Post-pregnancy lower back pain and pelvic pain is a frequent occurrence in women who have given birth by vaginal or Cesarean-Section delivery methods. Abdominoplasty can help reduce back pain in some women and treat back-related core strength problems caused by diastasis recti and poor core abdominal strength which was impeded by abdominal structure damage during pregnancy and/or delivery.
Is low back pain more prevalent in women who had a C-Section vs a vaginal delivery?
Prevalence of low back pain after pregnancy: Statistics
Studies suggest that lower back pain may persist in over 33.3% of women who delivered a baby vaginally and in up to 56.7% of women who delivered a baby via C-section. The prevalence of low back pain may be significantly higher in women who had Cesarean section deliveries.
Could lower back pain after pregnancy relate to torn abdominal muscles or diastasis recti?
Research information is available here Quality Of Life After Pregnancy in relation to lower back pain [accessed Oct 10 2018]. Publication title: PREVALENCE OF LOW BACK PAIN AND ITS IMPACT ON QUALITY OF LIFE IN POST PARTUM WOMEN; Researchers/Shweta Parikh; Joshi Suchi
Damaged abdominal muscles and reduced core strength in the abdominal area are common medical conditions of post-pregnancy; so, too, is urinary incontinence.
- Body changes are part and parcel of having babies.
- Yet few women fully anticipate the degree to which Pregnancy, breast feeding and weight changes change the skin and body – leaving excess folds of lax skin, a variety of stretch marks on the breast and belly, and unyielding bulges around the hips and waist.
- Other problems after pregnancy include low back pain, weakened strength, fatigue, hormonal chnages and emotional fluctuations.
Some pregnancy related body changes may have left you feeling LESS confident, less feminine or chronically dissatisfied with your new physique.
- Worse yet is the fact that post-pregnancy conditions can leave your core abdominal muscles so damaged that you have a permanent belly bulge; low back pain and mild urinary incontinence.
- So how does a Tummy Tuck help treat a sore back and reduce urinary incontinence and low back pain after pregnancy?
Having a sore back or low back pain after pregnancy is often related to the medical condition of diastasis recti.
Torn abs can wreak havoc on your core muscle strength. So damaged abdominal muscles after pregnancy is one of the functions of the abdominal region that is repaired by corrective Abdominoplasty procedures.
Not long ago, the Australian Medical Association published an article on pregnancy, back pain and urinary incontinence. They revealed study data supporting that the benefits of Abdominoplasty were worthy of it being returned to the MBS (it was removed around 2015, and many health organisations are lobbying for the return of the Medicare Benefit Schedule /MBS item code for Abdominoplasty after pregnancy to reduce women’s surgery costs).
Here are the Post-Pregnancy Abdominoplasty benefit RESEARCH findings excerpted from the link/source above, which lead many women and Surgeons to request a review of the Medicare codes for Tummy Tuck Surgery.
- Before [Tummy tuck/Abdominoplasty surgery with diastasis recti repair], the average pain score of the 208 post-partum women was 11, which equates to a 22 per cent disability.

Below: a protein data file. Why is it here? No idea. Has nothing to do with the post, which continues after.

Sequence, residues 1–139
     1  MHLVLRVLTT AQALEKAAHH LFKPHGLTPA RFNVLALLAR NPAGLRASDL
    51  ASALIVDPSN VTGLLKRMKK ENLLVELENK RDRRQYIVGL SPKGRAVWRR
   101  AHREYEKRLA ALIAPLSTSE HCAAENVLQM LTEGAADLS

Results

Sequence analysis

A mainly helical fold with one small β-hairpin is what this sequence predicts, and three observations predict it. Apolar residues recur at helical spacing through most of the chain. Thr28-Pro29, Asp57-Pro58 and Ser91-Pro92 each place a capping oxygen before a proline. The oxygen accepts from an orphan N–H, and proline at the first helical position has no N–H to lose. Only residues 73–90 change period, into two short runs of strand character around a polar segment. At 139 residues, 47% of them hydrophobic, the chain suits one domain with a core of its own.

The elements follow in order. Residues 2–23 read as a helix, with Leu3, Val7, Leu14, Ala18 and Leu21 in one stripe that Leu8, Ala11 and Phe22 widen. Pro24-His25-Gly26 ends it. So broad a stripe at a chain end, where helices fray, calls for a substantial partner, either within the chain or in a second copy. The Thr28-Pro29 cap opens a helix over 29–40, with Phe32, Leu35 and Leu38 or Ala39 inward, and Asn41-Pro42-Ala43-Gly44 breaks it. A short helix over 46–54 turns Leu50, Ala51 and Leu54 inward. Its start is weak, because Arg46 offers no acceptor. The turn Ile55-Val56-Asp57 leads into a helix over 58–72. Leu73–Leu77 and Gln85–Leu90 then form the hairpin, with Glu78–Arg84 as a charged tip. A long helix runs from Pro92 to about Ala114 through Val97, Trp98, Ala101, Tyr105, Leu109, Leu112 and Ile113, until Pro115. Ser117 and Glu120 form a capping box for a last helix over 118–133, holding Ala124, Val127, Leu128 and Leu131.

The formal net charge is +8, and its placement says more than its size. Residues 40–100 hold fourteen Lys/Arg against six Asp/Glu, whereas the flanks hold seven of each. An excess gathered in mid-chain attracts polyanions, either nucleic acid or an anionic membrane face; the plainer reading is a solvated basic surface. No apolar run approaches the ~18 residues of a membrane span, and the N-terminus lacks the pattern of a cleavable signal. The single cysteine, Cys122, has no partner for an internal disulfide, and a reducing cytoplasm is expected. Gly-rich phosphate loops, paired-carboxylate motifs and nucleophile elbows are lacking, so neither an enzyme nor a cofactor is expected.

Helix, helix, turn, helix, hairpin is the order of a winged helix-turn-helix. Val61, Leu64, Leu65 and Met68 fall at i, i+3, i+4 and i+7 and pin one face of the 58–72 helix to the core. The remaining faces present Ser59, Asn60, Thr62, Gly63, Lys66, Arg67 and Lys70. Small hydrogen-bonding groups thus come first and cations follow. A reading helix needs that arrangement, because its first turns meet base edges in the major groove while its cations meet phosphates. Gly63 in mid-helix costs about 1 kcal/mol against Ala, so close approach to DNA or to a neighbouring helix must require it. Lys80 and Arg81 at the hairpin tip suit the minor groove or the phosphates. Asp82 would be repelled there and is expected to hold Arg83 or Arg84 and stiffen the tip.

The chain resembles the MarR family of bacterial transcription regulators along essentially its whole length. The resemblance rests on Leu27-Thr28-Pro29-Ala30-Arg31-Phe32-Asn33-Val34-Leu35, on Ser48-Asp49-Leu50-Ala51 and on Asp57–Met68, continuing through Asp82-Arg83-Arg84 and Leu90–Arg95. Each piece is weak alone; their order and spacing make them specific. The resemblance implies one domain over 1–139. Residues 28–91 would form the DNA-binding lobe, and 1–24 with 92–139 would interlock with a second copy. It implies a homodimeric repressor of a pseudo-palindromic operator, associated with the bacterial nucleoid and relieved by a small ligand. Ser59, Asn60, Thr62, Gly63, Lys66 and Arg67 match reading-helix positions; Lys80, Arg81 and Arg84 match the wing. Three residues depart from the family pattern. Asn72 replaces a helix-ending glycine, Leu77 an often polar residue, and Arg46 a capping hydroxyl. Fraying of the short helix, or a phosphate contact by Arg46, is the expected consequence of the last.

- Six weeks later, it was down to four and at six months it was 1.7.
- On the urinary incontinence scale, the results went from an average pre-op score of 6 to 1.6 at six weeks, which was maintained at six months.
- Researcher Dr Taylor said the results showed that abdominoplasty should be reinstated on the MBS.
- “For a standard abdominoplasty, the Government was paying about $900 or $950 for the scheduled fee,” he said. “Of course, it’s a four-hour operation with three to four days in hospital, so it’s going to cost a lot more than that, but the overall cost was about $12-13,000. [Re women health care costs], Without the Item Number, the cost has gone up to $20,000. It can’t be done in a public hospital – you can’t get your patients in – and the private hospitals charge the cosmetic rate.”
Are you a good candidate for an Abdominoplasty or mini-Tummy Tuck?
- If you miss your pre-baby body smoothness, firm breasts and visible waistline contours, consider exploring your options for a full Tummy Tuck, Mini Tummy Tuck, Belt Lipectomy, Breast Lift Surgery or a combination of surgical procedures.
- You can meet with a Specialist Plastic Surgeon in Melbourne or Sydney to explore how to become content with your post-baby body or physique again, e.g. by getting a flatter looking, smoother belly area, more pre-baby body breast and waistline contours.
- “Will Medicare cover my tummy tuck or breast surgery after pregnancy” is one of the most frequently asked questions about Abdominoplasty surgery in Melbourne and Sydney Australia.
Medicare covers some Abdominoplasty Procedures and Body Lifts for POST-WEIGHT loss patients who were once obese, if they meet certain criteria.
Otherwise, currently women who have had children and have low back pain or torn abs are NOT generally covered by Medicare NOR by their health insurance funds. This make’s women’s health care expensive and is the essence of current activism and lobbying to restore the Medicare code for women’s post-partum Abdominoplasty/Tummy Tuck procedures.
More about Medicare and Tummy Tuck Surgery
Medicare is the central program underpinning Australia’s healthcare system. It covers various different costs for health care and is available for all Australians, but it doesn’t cover every medical expense and surgery expense.
So if you are wondering what CAN or CAN’T be covered under the Australian Medicare system, in terms of Abdominoplasty Surgery or Breast Lift/Mammoplasty or Augmentation Mammoplasty procedures, please give our Patient Care Coordinators a call on (03) 8849 1444 after reading this blog.